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Jimmy Carter's blog from North Korea

Jimmy Carter reflects on his previous experiences in North Korea and writes about his hopes for the current Elders' visit.

I am pleased to be back in Pyongyang on my third visit to North Korea. It’s a privilege to be able to visit a place that is quite mysterious to most people – and this time I am here with three of my fellow Elders – Mary Robinson, Gro Brundtland and Martti Ahtisaari.

Gro has been here before and we have been recalling our previous visits. She was here in 2001 as Director General of the World Health Organisation and will be taking particular interest in our planned visits to a hospital and to better understand food issues here.

I was here last year to negotiate the release of a US citizen – and before that in 1994, when Kim Il Sung – known here as the Eternal President – was still alive. At that time, North Korea’s nuclear programme was in its infancy. On a memorable six hour boat trip, I discussed nuclear and security issues with Kim Il Sung who agreed to freeze his nuclear programme. He was very warm and friendly towards my wife Rosalynn and me. Keep in mind that our countries were (and still are) officially at war, with a ceasefire prevailing.

Sadly he died shortly afterwards, and his son Kim Jong Il succeeded him as leader. Kim Jong Il pledged to honor his father’s commitments and continued his father’s policy, and in October 1994 North Korea and the US adopted a Framework Agreement which committed North Korea to denuclearisation.

Kim Jong Il also agreed to take part in a summit meeting with the then President of South Korea, Kim Dae Jung whose “Sunshine policy” was very helpful in building better relations. This kind of people-to-people contact is vital in trying to encourage dialogue and build sufficient confidence and trust between former enemies to allow them to reach lasting peace.

Since then – relations have gone up and down between North and South Korea but they are currently at rock bottom. There is no official dialogue on the key issues that divide the two countries, tensions are very high, and the US, as South Korea’s key ally, also refuses to engage directly with North Korea. Also, neither the US nor South Korea is at this time willing to assist with the desperate food shortage in North Korea.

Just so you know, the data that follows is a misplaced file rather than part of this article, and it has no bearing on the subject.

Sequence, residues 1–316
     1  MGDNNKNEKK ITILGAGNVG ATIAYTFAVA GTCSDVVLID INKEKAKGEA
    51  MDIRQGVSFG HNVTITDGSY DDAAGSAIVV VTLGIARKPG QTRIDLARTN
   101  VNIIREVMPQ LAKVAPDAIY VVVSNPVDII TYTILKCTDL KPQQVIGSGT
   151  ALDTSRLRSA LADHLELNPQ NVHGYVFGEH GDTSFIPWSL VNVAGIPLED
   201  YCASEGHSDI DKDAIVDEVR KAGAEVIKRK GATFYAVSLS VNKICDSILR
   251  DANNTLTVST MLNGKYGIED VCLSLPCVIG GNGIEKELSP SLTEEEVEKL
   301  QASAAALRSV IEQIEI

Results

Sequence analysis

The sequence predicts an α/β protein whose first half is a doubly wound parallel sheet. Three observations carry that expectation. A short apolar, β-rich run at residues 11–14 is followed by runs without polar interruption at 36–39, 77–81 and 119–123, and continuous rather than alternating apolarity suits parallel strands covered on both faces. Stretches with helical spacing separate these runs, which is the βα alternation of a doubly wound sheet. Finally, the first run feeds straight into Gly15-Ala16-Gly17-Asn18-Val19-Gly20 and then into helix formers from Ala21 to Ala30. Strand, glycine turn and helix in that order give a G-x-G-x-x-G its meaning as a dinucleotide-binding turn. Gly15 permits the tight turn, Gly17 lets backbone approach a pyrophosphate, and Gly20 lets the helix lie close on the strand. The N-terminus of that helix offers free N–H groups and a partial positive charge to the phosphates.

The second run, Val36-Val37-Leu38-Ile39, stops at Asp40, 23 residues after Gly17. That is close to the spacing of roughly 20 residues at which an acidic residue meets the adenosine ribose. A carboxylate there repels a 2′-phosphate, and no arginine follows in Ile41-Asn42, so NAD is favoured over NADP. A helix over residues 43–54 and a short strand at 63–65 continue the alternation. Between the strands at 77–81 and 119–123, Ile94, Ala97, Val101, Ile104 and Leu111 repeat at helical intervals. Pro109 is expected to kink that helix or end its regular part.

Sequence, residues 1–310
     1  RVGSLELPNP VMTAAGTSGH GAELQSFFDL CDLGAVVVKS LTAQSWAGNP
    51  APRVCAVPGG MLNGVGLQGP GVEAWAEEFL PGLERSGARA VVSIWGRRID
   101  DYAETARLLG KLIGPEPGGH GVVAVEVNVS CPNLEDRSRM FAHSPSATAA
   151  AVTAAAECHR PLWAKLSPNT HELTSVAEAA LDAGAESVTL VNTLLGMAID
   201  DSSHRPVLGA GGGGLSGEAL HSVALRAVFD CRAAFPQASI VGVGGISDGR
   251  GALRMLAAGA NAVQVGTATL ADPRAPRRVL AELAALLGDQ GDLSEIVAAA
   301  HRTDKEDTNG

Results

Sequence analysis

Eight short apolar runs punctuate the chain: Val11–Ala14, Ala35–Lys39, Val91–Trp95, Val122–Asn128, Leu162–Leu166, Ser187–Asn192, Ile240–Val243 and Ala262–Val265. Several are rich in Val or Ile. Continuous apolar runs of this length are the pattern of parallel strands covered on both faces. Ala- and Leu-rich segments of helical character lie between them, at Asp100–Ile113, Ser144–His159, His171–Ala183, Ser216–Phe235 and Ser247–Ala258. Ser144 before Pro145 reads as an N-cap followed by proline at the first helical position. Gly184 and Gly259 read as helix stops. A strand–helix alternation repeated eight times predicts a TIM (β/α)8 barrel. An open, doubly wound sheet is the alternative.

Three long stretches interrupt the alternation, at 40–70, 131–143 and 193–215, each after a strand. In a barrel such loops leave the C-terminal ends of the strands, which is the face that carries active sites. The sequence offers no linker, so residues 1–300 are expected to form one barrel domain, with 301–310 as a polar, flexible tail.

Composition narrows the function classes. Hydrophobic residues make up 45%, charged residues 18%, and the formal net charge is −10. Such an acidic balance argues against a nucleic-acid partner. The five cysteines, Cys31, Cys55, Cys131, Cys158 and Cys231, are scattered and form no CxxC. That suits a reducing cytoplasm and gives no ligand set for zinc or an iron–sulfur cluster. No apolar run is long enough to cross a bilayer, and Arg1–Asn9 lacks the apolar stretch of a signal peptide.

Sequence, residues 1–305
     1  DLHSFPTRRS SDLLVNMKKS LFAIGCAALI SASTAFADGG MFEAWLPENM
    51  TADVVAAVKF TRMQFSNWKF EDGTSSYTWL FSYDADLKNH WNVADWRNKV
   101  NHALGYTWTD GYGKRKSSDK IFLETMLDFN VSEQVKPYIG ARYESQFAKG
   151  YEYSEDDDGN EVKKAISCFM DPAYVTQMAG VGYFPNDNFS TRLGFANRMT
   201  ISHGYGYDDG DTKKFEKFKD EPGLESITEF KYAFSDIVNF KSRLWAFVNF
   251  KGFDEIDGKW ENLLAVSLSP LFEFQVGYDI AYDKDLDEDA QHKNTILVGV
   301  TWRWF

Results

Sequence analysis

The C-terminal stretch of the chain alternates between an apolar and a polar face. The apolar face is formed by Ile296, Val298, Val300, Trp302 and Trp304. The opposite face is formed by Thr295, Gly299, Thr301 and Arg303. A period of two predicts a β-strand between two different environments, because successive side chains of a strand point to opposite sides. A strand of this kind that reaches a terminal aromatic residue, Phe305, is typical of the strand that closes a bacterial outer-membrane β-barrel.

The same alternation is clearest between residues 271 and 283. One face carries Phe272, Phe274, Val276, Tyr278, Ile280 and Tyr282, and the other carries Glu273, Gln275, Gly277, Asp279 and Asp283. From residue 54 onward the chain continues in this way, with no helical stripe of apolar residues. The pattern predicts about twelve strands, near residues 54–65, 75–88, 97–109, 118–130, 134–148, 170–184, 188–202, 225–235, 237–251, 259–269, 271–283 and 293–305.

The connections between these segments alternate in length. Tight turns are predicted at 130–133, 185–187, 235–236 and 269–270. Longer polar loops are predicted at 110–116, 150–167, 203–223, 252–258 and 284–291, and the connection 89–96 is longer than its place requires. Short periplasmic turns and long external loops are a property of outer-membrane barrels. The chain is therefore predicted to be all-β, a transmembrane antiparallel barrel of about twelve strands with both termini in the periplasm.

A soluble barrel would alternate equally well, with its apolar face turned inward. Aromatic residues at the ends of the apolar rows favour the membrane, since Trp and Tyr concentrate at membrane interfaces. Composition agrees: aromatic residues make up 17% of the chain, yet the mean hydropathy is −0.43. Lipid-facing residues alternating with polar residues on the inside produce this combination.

We are hearing consistently throughout our busy schedule here in Pyongyang that the North wants to improve relations with America and is prepared to talk without preconditions to both the US and South Korea on any subject. The sticking point – and it’s a big one – is that they won’t give up their nuclear programme without some kind of security guarantee from the US.

We will be working hard in our few days in Pyongyang to learn as much as we can about the North Korean position. I hope we will be able to return to the US and Europe with a positive and constructive message. We have been told that our visit here is seen as helpful in establishing a positive atmosphere and that the people in both North and South expect a lot from us.

It is to my mind a tragedy that, more than 60 years after the Armistice that ended the Korean War, North and South Korea have not signed a peace treaty. My country, the United States, is South Korea’s guarantor, which creates enormous anxiety among the North Korean people and drains their political energy and resources.

I hope that this visit by the Elders will help North Korea become less mysterious to outsiders and that we can provide a glimpse of the country’s development ambitions as well as the serious challenges it faces.

In order to succeed we will all need to work together – especially the United States and South Korea. The warmth with which I am always greeted in Pyongyang makes me hopeful that our nations can, with political will on all sides, find peace at last.

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